Despite the hyperbolic fear-based narrative the western media is trying very hard to forge, the Taliban appear calm and reasonable and polite. In his mobile phone interview with Yalda Hakim, Suhail Shaheen sounded like a PR spokesperson, he could easily work for the White House, he sounded that smooth. Yalda skillfully pressed him, reminding me that there still are gifted journalists around, that not all of them are tools of the propaganda machine—some are still seeking the truth, whatever it looks like. Aida Sanjush, an Afghan now living in Canada, gave an interview in which she stated that her intelligence gathering indicates many women are fearful and in hiding, worried about being targets of the kind brutalities waged against women by the Taliban of the 90s.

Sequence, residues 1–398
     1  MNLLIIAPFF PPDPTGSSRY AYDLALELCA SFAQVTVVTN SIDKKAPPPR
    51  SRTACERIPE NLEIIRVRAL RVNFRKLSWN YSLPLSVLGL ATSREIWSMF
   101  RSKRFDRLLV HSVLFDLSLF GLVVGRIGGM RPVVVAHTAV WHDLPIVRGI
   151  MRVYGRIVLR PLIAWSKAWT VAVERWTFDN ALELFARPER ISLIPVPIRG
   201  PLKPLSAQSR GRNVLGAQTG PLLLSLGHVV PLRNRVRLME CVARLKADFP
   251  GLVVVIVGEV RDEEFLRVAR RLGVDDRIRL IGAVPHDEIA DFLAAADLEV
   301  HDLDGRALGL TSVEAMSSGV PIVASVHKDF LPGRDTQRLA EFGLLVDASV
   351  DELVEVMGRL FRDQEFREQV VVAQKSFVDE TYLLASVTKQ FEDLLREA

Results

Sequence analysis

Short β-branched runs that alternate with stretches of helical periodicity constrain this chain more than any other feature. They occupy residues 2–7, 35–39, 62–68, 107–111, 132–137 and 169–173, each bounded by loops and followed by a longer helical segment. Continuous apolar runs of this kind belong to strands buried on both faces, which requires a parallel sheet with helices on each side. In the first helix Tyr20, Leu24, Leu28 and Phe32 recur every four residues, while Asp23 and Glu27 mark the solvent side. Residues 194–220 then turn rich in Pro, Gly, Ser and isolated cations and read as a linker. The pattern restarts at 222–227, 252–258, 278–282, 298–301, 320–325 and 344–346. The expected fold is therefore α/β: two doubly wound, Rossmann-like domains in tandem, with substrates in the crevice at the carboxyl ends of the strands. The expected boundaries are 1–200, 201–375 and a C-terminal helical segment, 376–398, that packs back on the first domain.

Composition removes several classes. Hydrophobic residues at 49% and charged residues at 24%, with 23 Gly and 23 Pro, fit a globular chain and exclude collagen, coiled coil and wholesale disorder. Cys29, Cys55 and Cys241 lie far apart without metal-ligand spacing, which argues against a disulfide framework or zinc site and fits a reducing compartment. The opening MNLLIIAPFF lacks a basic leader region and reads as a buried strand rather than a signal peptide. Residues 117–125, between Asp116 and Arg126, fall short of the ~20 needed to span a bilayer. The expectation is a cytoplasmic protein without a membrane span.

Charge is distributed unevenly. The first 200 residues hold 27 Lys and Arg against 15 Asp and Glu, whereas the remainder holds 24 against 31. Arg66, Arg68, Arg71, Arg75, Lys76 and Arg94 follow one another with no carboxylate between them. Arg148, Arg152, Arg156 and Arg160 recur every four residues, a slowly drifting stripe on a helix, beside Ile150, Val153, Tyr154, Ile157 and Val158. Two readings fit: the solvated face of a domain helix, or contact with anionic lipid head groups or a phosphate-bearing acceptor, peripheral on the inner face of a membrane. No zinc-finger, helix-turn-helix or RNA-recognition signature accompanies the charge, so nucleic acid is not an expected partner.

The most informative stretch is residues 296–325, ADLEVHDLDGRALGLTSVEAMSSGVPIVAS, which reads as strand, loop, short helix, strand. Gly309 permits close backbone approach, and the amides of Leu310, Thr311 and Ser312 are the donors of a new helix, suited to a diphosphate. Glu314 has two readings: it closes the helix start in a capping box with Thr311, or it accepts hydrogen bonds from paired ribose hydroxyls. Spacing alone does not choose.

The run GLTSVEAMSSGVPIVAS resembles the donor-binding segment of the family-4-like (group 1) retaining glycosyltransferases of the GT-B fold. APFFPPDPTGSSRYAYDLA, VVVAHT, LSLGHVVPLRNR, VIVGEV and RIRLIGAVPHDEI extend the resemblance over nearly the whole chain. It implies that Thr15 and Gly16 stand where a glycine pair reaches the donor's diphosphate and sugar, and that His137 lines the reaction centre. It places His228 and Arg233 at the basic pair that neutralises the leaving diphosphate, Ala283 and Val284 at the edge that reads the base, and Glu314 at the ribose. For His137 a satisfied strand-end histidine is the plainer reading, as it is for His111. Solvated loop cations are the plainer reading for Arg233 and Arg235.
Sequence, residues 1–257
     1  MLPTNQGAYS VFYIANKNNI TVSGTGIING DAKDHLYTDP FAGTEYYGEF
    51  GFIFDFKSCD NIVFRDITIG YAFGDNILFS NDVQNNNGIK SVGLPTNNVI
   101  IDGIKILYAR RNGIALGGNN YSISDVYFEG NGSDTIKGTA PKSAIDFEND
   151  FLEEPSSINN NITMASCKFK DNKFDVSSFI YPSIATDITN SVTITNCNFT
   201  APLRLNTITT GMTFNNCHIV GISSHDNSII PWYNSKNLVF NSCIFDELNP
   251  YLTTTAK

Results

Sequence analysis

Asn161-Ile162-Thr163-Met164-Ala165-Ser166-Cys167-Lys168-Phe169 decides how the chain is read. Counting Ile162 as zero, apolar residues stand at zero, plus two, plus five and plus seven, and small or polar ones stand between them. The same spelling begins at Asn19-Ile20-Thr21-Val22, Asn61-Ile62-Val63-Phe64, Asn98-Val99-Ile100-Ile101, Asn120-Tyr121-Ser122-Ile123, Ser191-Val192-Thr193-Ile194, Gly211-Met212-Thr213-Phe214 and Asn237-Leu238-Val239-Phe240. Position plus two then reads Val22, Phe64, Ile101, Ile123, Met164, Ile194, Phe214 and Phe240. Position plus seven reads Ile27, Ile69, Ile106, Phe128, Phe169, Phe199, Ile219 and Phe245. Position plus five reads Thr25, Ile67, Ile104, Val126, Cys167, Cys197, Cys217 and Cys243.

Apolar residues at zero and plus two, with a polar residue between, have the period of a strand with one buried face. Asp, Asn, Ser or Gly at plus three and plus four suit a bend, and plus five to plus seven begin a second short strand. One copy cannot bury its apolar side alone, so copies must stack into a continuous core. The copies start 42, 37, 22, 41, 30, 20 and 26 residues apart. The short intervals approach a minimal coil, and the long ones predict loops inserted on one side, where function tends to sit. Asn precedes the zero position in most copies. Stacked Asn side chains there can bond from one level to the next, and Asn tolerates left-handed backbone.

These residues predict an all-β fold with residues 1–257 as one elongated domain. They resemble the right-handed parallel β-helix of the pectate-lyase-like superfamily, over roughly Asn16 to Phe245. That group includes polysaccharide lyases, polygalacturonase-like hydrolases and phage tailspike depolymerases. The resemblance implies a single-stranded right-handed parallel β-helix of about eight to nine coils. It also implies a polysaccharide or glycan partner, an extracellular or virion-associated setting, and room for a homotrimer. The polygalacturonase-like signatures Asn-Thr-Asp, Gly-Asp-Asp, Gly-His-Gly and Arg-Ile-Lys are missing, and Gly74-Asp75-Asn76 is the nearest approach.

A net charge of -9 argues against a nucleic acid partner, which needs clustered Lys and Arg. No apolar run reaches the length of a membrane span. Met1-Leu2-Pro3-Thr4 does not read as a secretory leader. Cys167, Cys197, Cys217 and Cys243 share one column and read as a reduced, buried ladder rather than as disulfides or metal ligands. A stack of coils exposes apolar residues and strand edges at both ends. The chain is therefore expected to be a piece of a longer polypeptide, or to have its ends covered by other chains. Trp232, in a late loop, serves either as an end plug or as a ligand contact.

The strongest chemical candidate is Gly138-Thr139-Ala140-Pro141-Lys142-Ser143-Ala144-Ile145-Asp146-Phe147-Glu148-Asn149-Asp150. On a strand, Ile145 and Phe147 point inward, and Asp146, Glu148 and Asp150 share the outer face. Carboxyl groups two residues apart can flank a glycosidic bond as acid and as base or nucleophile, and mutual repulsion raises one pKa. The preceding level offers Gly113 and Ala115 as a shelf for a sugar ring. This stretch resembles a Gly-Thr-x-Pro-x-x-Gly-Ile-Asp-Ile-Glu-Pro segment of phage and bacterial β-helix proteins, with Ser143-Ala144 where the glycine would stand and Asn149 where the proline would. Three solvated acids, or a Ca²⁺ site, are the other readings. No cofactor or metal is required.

These are early days and it remains to be seen how events will unfold. The western media certainly wants to promote a narrative. Few seem capable of humanising the Taliban and instead prefer to remain stuck in the neocon mindset that got us here. To be clear, the Taliban has a history of brutality and oppression. We all know this. To an extent reticence and fear remain prudent and understandable. However, I think those of us living in the West forget that Afghanis want peace and freedom however it comes to them. Westerners have such an arrogance when it comes to the developing world, and in particular the Muslim world, Muslims remain imprisoned in a dystopian triangle of tyrants, invaders, fanatics.